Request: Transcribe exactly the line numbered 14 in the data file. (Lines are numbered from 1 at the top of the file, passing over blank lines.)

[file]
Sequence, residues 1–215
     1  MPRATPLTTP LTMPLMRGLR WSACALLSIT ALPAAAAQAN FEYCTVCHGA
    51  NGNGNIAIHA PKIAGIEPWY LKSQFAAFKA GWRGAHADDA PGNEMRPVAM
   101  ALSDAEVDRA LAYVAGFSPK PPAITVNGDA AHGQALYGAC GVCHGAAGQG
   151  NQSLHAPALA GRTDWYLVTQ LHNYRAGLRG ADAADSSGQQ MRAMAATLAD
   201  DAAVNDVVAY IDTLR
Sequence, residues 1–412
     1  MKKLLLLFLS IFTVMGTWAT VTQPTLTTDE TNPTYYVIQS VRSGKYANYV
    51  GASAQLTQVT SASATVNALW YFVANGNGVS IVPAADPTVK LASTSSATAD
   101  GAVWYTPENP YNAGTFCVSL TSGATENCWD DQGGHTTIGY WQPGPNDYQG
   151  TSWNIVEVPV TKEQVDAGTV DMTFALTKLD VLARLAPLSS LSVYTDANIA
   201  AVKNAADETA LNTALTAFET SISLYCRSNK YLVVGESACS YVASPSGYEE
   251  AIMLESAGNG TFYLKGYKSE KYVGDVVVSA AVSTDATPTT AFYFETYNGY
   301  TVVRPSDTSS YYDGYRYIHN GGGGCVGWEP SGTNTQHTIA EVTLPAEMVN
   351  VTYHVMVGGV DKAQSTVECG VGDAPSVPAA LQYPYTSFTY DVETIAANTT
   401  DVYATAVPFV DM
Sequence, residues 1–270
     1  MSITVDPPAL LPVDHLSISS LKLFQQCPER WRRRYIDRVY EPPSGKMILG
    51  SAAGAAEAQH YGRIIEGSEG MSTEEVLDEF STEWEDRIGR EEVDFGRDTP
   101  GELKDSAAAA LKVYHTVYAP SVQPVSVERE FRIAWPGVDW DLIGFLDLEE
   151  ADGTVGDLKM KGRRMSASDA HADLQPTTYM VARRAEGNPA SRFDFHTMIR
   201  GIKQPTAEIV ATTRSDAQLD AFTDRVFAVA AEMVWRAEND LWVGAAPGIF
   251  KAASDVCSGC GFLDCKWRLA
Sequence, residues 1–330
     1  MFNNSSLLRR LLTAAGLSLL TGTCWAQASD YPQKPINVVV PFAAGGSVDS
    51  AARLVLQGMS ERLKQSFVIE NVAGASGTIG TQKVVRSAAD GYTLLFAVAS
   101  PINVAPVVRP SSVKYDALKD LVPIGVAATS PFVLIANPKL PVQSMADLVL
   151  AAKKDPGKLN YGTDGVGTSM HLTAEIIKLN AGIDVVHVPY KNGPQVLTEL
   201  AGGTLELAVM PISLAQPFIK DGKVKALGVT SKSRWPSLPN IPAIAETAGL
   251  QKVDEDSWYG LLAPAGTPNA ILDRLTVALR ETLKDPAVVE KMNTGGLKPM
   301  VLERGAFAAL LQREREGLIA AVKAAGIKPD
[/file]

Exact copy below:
   301  TVVRPSDTSS YYDGYRYIHN GGGGCVGWEP SGTNTQHTIA EVTLPAEMVN